Previous Challenge Entry (Level 3 - Advanced)
Topic: Drip (04/25/13)
TITLE: Life Gift
By Dave Walker
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"Thanks, Mom, for letting me sleep over. I'll see you Sunday." Rosie slipped on a backpack of overnight things and Betty watched her down the road. Then she relaxed.
It was tough being a single mom, and fifteen was a difficult age. Now she had forty eight hours to settle with a good book, relax with a DVD or two and spoil herself.
The call came the following midnight. "Mrs Porrit?"
"Yes." Betty answered from a fuzzy, sleepy mind. Then suddenly she was alert.
"This is the hospital. We have your daughter here in Intensive Care. Could you come at once?"
"What happened? An accident? Is she alright?"
"Just come, Mrs Porrit. We will explain it all when you arrive."
The news at the hospital drained all colour from her face. She grasped the chair to stop herself falling.
"An abortion? My daughter had an abortion? She's just fifteen. How could she have that without my consent?"
"It is the one operation a minor can consent to without even the knowledge of her parents."
"But that is insane." The colour suffused her cheeks now. She wanted to throw something at someone as she burst out, "It is the one operation I SHOULD have a say in. It involves not just my daughter, but my grandchild. Where's the justice in that?"
"Try to focus on your daughter now, Mrs .... may I call you Betty? Unfortunately, there was a complication. She bled uncontrollably and went into severe shock. The only way to save her was to remove her uterus."
Betty felt herself crumbling.<i> Jesus, where are You? I can't take these blows. Why, Lord? Why could she not have confided in me? Rosie sterile? Never another baby? Don't let her die, Lord. Save my daughter. I've already lost my grandchild." </i>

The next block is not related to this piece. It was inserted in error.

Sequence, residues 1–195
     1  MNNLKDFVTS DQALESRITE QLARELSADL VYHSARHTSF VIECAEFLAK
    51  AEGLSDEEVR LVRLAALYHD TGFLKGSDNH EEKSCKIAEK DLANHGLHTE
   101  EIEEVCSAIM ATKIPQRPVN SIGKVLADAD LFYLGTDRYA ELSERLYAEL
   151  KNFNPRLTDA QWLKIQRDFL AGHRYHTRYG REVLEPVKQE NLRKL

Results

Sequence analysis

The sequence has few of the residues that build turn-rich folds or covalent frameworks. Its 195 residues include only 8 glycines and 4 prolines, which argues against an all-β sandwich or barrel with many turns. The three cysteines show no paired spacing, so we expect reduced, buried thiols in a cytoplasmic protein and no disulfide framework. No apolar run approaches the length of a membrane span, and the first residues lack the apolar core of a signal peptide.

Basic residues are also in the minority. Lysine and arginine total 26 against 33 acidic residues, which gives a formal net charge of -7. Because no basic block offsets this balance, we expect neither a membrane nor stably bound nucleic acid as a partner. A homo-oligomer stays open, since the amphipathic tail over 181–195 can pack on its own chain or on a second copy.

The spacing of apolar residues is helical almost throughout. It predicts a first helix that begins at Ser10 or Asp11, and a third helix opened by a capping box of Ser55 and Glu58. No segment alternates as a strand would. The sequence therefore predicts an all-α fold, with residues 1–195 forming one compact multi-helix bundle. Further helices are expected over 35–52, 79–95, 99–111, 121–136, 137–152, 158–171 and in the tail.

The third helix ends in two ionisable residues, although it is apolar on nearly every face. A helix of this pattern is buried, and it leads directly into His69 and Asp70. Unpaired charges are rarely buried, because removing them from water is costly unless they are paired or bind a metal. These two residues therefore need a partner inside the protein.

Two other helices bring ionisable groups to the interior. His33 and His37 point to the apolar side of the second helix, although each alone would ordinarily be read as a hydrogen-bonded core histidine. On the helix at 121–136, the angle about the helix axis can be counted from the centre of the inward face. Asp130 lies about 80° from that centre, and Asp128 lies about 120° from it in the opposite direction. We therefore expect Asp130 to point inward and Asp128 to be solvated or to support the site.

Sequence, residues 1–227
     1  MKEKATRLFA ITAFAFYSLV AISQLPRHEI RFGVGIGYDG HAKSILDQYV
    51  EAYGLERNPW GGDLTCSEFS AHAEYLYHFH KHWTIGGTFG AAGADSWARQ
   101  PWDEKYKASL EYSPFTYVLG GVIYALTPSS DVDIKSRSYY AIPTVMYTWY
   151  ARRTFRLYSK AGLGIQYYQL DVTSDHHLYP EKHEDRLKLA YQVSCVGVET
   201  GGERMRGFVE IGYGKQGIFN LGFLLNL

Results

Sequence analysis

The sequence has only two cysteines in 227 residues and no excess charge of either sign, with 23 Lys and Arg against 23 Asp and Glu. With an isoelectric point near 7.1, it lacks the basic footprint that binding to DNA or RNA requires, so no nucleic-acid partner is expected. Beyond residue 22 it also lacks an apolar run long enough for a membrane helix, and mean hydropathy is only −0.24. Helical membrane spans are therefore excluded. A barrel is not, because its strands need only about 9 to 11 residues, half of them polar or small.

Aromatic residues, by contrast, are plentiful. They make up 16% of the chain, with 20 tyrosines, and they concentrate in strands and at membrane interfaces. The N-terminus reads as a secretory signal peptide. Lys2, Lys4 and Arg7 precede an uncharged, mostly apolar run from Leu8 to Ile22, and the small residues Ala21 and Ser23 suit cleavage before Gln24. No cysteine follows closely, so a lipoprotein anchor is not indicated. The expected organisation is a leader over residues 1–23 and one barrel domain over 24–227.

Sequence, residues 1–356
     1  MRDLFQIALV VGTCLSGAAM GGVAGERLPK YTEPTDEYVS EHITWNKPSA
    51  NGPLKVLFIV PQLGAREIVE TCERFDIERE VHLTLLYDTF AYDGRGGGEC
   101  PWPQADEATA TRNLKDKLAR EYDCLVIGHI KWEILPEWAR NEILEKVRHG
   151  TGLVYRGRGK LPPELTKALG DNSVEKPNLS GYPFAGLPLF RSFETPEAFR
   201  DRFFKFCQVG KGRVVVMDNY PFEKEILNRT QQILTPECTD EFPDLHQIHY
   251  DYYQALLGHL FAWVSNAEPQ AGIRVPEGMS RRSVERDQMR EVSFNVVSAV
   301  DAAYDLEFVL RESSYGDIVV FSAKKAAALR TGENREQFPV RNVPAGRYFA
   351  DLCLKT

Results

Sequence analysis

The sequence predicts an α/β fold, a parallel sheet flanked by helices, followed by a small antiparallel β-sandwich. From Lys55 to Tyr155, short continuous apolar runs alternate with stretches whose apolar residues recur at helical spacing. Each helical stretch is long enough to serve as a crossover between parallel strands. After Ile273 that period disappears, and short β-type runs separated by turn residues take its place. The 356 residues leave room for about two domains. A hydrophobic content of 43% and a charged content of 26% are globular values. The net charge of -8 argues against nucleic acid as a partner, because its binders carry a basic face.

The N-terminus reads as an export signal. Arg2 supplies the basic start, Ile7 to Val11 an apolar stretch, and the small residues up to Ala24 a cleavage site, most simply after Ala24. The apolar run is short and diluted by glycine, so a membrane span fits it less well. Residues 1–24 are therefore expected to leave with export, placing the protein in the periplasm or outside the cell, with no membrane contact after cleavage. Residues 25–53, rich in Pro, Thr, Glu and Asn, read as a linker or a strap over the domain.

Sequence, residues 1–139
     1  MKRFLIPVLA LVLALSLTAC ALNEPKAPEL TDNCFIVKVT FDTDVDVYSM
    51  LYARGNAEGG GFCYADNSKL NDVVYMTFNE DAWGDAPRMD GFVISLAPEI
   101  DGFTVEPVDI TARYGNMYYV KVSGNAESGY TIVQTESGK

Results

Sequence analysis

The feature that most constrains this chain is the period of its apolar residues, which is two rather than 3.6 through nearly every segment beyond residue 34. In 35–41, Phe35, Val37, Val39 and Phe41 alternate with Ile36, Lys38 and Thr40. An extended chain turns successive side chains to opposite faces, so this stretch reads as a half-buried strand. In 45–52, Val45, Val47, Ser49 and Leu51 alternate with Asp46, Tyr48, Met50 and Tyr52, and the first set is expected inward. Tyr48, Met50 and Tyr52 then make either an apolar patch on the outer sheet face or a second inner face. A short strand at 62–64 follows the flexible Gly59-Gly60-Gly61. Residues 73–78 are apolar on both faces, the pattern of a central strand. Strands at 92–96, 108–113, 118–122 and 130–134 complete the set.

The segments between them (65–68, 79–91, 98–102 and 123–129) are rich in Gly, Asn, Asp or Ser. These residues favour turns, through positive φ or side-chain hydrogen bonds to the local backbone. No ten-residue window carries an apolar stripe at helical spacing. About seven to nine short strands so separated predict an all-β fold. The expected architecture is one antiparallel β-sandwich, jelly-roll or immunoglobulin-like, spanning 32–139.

"......... kidneys working again. ........ wean from the ventilator .... still more blood..." The doctors words floated in and out of the turmoil of her mind.
"Where is she?"
"Of course. Nurse, take Mrs Porrit to Rosie.
She entered an alien world. A monitor screen flashed numbers and traces in bright colours, bleeping rapidly. Drip regulators clicked monotonously, controlling drugs and fluid. The regular "Pshshshsht--tuh, Pshshshst--tuh" of the ventilator produced a steady rise and fall of Rosie's chest. Tubes were everywhere; some draining fluid, others conducting it in.
She couldn't take her eyes off these drips supporting Rosie's life. She gazed at the blood flowing drop by drop into her daughter's pale body. <i>Jesus, why? This is wrong. You know it is wrong. Why is this happening?"</i>
There was silence from heaven, yet a blanket of peace descended on her like a mantle. She knew God was there. No matter what they faced, He would see them through. Like a spiritual drip infusing life, she felt strength and courage to face what was ahead. She remembered their pastor's observation on Job: "God seldom answers the question 'Why?' He responds by revealing more of Himself. In that, the question somehow seems less important."
<i>God, You say all things work together for the good of those who love You. Can You do it with this?</i>
---------------- o ---------------
As Rosie and Peter pulled up the driveway, their two girls tumbled out of the car. "Granneee! Granneeee!" Betty's heart danced at their excited greeting. She gave her daughter and son-in-law a hug. "How did it go today?"
"Wonderful! Three girls crossed the road and received counselling. All three will keep their babies. My story is so powerful, Mom. When they see our two beautiful adopted daughters and realise the life their little ones could have if they keep them, God touches them."
Peter beamed. "I know you had a difficult strong-willed child, Mom, but that same strong-will is accomplishing so much for God. I don't know how she does it, standing up to those officials from Planned Parenthood as if she enjoys it!"
"Well, someone has to stand up for those poor young girls and their little babies!"
Betty recalled, with awe, the scene in the Intensive Care Unit and her prayer. <i>What a price Rosie paid, Lord, yet what a gift now, to speak so effectively for those who cannot speak for themselves.</i>
She glanced at her purpose-filled daughter and happy family.
"Come, there's tea and crumpets waiting."
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